A celebration of life service for Philip Strong Humphrey, 83, will be held 2 p.m. Monday, November 16, 2009, at Plymouth Congregational Church. Inurnment will be in Pioneer Cemetery. Mr. Humphrey died Friday, November 13, 2009, at Brandon Woods at Alvamar.
He was born February 26, 1926, in Hibbing, MN the son of Watts Sherman and Katharine Strong Humphrey. His family moved to Litchfield, CT when he was a young child and he graduated from The Forman School in Litchfield.
Mr. Humphrey served in the United States Army Air Corps in World War II. He graduated from Amherst College in 1949 and received an M.S. and Ph.D. in ornithology from the University of Michigan in 1955. Mr. Humphrey was an Assistant Professor of Ornithology and Curator of Birds at the Peabody Museum at Yale University from 1957 to 1962. He received a Guggenheim Fellowship in 1960-61 to study the birds of Argentina. In 1962, he went to the Smithsonian Institution and served as Curator of Ornithology and then Curator of Vertebrate Zoology until 1967. In the 1960s, with support from the Rockefeller Foundation, he worked on the ecology of birds and epidemiology of arthropod borne viruses in the rainforests around Belem, Brazil.
In 1967, he was appointed Director of the Museum of Natural History and Professor of Zoology at the University of Kansas. He served in that position for 28 years until his retirement in 1995. During his tenure at the KU Natural History Museum, he started the summer programs for children that have been well attended by many children. While at KU, he continued to do field work in Argentina and in 1981 he discovered a new species of steamer duck
His publications include The Birds of Tierra del Fuego and various publications in the field of ornithology. He was also co-editor of The Darwin Reader. He was a member of the American Association of Museums, Sigma XI, a fellow of the American Association for the Advancement of Science, a fellow of the American Ornithologists Union, and served on the boards of the National Audubon Society and the World Wildlife Fund. He was a member of Plymouth Congregational Church, Rotary Club, Douglas County Historical Society and served on several local boards. He was an avid fly fisherman and enjoyed tying flies and making fly rods. He enjoyed many fly fishing trips to various parts of the world. He especially enjoyed fly fishing in Montana and Wyoming. He also loved playing the piano.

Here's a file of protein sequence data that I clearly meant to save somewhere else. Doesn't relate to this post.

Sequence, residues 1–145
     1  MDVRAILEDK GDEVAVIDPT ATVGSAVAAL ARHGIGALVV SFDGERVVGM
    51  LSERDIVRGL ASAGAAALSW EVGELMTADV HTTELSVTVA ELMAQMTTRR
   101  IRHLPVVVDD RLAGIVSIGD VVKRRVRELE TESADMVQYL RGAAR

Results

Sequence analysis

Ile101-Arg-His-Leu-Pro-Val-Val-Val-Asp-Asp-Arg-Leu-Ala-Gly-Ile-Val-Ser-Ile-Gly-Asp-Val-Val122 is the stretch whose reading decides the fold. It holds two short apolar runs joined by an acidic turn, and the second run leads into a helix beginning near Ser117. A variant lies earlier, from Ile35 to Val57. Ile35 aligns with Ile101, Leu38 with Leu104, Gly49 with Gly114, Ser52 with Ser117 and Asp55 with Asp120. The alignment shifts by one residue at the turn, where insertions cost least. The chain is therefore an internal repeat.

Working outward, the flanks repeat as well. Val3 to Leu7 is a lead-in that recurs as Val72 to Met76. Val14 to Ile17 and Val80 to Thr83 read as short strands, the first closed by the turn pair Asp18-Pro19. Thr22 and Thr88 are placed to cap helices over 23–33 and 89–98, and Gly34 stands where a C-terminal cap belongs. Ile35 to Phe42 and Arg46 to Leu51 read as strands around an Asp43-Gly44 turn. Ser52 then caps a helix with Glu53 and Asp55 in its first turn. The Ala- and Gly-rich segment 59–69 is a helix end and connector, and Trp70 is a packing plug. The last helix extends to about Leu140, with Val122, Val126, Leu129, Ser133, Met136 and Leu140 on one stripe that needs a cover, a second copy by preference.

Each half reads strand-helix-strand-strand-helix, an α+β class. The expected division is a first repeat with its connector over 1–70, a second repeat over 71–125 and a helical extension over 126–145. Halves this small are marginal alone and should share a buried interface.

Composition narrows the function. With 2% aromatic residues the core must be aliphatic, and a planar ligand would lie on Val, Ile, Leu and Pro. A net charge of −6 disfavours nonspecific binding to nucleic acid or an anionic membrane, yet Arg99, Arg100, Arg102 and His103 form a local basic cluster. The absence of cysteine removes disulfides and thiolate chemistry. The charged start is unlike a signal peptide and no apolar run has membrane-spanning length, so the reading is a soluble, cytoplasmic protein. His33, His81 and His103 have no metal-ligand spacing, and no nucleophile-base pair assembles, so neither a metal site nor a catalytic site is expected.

He married Mary Louise Countryman on January 1, 1946. He is survived by his wife of sixty-three years.
Other survivors include a daughter, Margaret Humphrey, Ashland, OR; a son, Dr. Stephen Humphrey and his wife, Susan, Santa Elena, Costa Rica; two brothers, Watts S. and wife, Barbara, Sarasota, FL, and William M. and wife, Ruth, Auckland, New Zealand; a sister Dorothy Bedell and husband, Peter, Wyndmoor, PA; two stepsisters Anne Swain and husband, Adrian, Sarasota, FL, and Patricia Smith and husband, Wally, Pittsburgh, PA; a stepbrother Peter Rowley and wife, Terez, New York City, NY; three grandchildren, Katharine George, Jonathan Humphrey, and Kyle Humphrey, and four great-grandchildren. He is also survived by many nieces and nephews.
Memorial contributions may be made in his name to the Philip and Mary Louise Humphrey Scholarship Fund at the KU Endowment Association or Heart of America Hospice and sent in care of Warren-McElwain Mortuary.
Online condolences may be sent to warrenmcelwain.com subject: Humphrey.
I saw your father’s in memoriam note in the most recent Amherst alumni magazine. I had forgotten (if I ever knew) that he was an Amherst grad, as were both my father and I. Please pass my condolences on to your mom.
I recently crashed a reunion of the North Branford High School classes of 1965-66 (I didn’t attend the school, but what the heck), and brought along a sixth grade class picture…you are in it. If you cruise the inside passage up to Alaska sometime in the next few years (before I retire and move south!), look me up in Juneau. I’ll look for you when I get to Costa Rica. It’s on my list of winter getaways.
Best regards. I have very warm memories of our childhood times together, from browsing the bird drawers at Peabody to collecting salamanders in the woods behind your house, and lots more.
Hi, Mary Lou and family. My reply is very late, but I wanted to tell you how very much I admired and respected Phil. He was my boss at the Smithsonian in the 1960s, and I loved both his scholarly ability and great sense of humor. You may remember I was in touch with you in 2009 while he was still alive and sent a letter and pictures. He was one of the finest men I have ever known. May he rest in peace.
Barbara Beck Lovelace
I went fly fishing with Philip and enjoyed being with him. I left KU in 1993 and just found out that he had passed today. He was a very interesting man and I will miss him. Old school type of a guy. A real gentleman.